During the last week of half term in May, we were lucky to work with musicians from the nationally acclaimed Orchestra of the Age of Enlightenment (OAE), the amazing animatuer, James Redwood, as well as music students from the University of York on a 3-day music project which utilised and developed performance and composition skills. The aim of the project was to sing authentic Handel songs from the opera ‘Acis and Galatea’ and combine these with a song composed by our students (in a pop style), two instrumental pieces, a drama piece and a movement piece. These elements worked alongside performances by OAE and students from the University of York, in a performance at St Mary’s Church, as part of Beverley’s annual Early Music Festival.
The first workshop day started with 53 musicians from years 7 to 9 playing drama games and rhythm games to build up their skills of working as an ensemble. The students then moved on to writing their own song based around the relationship of Acis and Galatea, or ‘Mates vs. Dates’ as the boys soon named the song! Groups of around a dozen students worked together to write a verse each, before these were all put together and then orchestrated. This was the birth of another BGS masterpiece! The afternoon provided variation, with the students hearing OAE performers play baroque music on instruments from the 1700s (including traditional gut strings), learning three authentic Handel songs, devising a drama piece, and creating a polyrhythmic drumming piece.
The second day of the project added a new element – 50 girls from Beverley High School joining. Again, we had an action-packed day, as we sang our amazing song, listened to the song that the girls had composed, created a movement piece, composed and rehearsed a 110-strong instrumental piece. It was a noisy (but enjoyable) day! These parts were then weaved together and polished on the final day of rehearsals which was split between the High School and St Mary’s Church.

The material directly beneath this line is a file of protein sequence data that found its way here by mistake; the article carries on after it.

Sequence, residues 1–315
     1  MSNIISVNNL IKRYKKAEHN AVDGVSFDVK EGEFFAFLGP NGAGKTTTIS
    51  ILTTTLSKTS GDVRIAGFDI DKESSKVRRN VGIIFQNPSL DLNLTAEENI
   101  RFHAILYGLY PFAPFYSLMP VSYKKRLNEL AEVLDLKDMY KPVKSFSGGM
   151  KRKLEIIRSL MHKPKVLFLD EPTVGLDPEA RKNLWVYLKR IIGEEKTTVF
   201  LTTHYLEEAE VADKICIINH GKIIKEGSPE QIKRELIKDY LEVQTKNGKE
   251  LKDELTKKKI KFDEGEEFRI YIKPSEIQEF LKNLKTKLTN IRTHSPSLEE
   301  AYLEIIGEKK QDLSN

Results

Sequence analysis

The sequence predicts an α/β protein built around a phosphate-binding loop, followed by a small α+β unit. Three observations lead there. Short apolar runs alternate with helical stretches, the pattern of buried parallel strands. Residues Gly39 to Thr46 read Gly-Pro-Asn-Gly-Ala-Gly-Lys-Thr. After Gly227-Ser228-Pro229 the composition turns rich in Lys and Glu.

The evening performance in St Mary’s Church was incredible, with the pews shaking during the huge instrumental piece; the echoes of angelic voices in the authentic Handel works; gasps of amazement in the movement piece (boys can dance!) and huge admiration when the boys sang their own song, accompanied by the Orchestra players. Many proud and happy faces were seen in the 300-strong audience.
You can tell how much the students enjoyed the project and performance from their feedback, some of which can be seen below. We are incredibly grateful to the hugely talented animateur James Redwood, the musicians of the Orchestra of the Age of Enlightenment (Cherry, Hetty, Cecelia and Rob), and the York University students for their energy and enthusiasm in the project.
Student comments about the project:
– We spent lots of time rehearsing and composing songs, so seeing them work well in the performance makes me feel proud of our achievement.
– I felt proud of our achievement because we came together to make this music, and that it was much enjoyed by the audience.
– I loved the project because we all worked as a team and created the performance instead of just being given rules to follow.
– During the workshop days, I really enjoyed the movement pieces.
– I’m proud of the fact that everyone worked together to create something amazing!
– The best part about the concert was having James (the legend) teach and conduct us.
– The project was legendary!
– I enjoyed the project because we created an amazing piece of music and instrumental piece about a classical myth.
– I really enjoyed the fun and interesting warm ups and I liked how the days were separated into different parts.
– I felt proud because we sang music that we made. The orchestra piece that we made was the best because you felt like you ‘belonged’ when we performed it.